Troubleshooting Mail

Windows Mail is still a maturing app; this means, there are occasions where you might see glitches or experience issues getting Mail. Here are some basic troubleshooting steps you can try when this happens.

Not Receiving Mail

If you are not seeing any new messages, try manually syncing your inbox by clicking the Sync button. You can also check if your account is verified. This will vary depending on the webmail service you are using. Launching your web browser then signing into the email service can correct it. You can also try deleting the account then adding it again.

  • In Mail, click the Settings menu represented by the cog icon at the bottom.
  • Click Manage accounts
  • Select your account
  • Click Delete this account from this device.
  • Restart Mail, then set up your account again.

Windows Mail Refuses to Launch

If Windows Mail won’t load, you can try restarting your computer, then try launching again. If this does not work, check the Microsoft Store for updates then try launching Mail again. If the issue persists, try resetting the app.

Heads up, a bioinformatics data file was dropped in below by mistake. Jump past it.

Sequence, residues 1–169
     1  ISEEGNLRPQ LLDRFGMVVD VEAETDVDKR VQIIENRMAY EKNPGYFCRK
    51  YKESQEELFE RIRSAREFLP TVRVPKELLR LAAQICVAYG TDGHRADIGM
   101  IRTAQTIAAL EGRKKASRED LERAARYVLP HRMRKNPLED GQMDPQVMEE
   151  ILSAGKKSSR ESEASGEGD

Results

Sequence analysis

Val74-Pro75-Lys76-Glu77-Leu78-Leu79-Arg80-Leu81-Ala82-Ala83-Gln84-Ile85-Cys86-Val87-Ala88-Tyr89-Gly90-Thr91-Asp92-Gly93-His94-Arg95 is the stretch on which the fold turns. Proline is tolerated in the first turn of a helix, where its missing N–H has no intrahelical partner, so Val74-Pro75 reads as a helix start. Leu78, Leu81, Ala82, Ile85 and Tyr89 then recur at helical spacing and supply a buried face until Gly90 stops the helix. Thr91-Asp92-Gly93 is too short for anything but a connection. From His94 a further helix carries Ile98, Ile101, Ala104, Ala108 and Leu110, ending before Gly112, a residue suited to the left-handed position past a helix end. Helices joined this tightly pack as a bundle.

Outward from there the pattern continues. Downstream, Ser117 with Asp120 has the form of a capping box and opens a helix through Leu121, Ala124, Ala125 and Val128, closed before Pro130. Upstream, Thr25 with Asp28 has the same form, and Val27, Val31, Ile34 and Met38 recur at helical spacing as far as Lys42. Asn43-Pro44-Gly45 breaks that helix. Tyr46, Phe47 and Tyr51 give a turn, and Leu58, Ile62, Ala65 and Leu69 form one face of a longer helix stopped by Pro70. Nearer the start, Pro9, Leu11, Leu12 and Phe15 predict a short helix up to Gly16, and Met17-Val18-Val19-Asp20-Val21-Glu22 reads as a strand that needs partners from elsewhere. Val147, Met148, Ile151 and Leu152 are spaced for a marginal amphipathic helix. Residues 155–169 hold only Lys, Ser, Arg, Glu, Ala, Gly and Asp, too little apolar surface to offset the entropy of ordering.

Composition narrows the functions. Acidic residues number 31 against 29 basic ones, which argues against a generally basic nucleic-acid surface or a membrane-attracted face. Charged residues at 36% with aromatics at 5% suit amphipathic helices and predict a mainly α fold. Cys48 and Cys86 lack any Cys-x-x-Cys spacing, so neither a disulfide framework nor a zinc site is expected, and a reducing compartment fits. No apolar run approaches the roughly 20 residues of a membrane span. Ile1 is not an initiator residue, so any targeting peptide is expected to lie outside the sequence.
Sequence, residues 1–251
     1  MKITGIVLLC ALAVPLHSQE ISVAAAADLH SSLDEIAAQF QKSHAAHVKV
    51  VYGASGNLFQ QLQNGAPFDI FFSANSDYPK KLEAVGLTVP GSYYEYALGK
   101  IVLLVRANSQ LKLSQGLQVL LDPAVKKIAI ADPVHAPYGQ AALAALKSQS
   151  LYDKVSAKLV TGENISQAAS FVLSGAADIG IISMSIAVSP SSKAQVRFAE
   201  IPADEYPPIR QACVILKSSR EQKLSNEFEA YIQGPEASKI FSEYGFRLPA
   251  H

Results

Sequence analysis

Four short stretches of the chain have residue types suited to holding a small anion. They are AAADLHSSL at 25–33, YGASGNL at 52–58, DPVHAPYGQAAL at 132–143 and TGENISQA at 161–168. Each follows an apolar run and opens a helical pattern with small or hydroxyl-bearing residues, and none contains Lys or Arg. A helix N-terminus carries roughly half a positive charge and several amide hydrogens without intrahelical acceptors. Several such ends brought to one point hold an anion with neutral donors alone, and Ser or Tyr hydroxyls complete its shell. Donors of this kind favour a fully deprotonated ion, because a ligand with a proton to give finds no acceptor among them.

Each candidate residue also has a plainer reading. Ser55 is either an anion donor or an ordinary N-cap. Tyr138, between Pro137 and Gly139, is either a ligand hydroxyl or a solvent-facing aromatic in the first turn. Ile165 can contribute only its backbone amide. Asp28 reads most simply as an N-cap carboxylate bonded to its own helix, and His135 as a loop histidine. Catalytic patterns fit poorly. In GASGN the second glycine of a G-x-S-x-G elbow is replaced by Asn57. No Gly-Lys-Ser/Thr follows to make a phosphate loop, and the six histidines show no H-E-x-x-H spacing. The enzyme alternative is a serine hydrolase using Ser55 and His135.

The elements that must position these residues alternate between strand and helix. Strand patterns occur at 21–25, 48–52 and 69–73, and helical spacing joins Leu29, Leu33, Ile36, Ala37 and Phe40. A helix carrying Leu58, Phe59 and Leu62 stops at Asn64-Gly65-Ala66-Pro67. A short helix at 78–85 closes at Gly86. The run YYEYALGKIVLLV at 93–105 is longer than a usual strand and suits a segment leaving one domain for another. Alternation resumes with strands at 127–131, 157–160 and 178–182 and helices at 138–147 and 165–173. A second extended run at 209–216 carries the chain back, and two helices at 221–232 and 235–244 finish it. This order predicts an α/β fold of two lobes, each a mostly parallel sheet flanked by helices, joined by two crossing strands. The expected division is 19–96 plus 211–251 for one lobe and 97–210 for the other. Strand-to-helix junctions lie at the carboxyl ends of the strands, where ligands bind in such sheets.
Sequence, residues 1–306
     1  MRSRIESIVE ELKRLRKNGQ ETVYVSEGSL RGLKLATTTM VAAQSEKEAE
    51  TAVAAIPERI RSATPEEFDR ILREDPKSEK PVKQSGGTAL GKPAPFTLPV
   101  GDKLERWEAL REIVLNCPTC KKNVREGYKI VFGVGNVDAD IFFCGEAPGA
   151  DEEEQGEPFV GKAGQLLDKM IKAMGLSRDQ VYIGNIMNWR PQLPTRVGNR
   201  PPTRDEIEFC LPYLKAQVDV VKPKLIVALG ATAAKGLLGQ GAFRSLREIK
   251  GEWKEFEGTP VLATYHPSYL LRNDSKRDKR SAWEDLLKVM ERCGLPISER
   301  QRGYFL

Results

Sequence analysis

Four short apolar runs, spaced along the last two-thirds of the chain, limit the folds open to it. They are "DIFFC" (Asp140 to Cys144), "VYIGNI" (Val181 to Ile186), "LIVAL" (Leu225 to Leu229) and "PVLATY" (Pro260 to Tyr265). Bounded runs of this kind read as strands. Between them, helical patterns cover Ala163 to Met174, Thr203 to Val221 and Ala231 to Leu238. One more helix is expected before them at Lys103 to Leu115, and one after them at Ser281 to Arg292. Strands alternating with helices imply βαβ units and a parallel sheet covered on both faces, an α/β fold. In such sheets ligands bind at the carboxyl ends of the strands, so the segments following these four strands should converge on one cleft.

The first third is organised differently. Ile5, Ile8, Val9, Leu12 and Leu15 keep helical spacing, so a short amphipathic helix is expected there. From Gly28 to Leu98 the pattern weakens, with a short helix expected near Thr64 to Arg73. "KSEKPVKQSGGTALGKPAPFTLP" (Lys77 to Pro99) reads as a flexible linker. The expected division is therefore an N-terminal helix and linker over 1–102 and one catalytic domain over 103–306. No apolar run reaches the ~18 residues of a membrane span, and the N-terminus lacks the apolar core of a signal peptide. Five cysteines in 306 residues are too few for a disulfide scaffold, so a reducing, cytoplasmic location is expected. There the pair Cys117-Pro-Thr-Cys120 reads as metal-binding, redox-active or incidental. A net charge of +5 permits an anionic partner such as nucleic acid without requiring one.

• Open Start > Settings > Apps > Apps & features
  • Scroll down to Mail
  • Select it
  • Click Advanced options
  • Click Reset
  • Restart
  • Check the Store for updates

Your Account is Out of Date

Signing the webmail version of your email service usually resolves this. Sometimes, this needs to be done periodically just for authentication purposes.

Learn More About Mail

Brian wrote a great series of articles about various functions in Mail you likely want to know. Make sure you check them out.

That’s a basic look at using Mail. In future articles, we’ll look at some advanced steps like migrating messages over from Outlook Express, Mail or Thunderbird to Windows Mail. If there is something I missed out or you think should be in this article, please share your thoughts in the comments.



  1. Jan Mc

    There is no mention of printing out an email. So far the only way I have found is to click on reply and print from there. Definitely couldn’t print from inbox

    • Katia Cooper

      Yeah, that’s true. I think the print option should have on the inbox section. Thank you for pointing that out.

  2. Mohamed AbdelSalam

    There is no mention of offline availability.
    How can one browse and search old emails while out of data coverage?

  3. Scott Carriker

    If you have 2 email acts and only want to have one as default email how do you choose which one to use?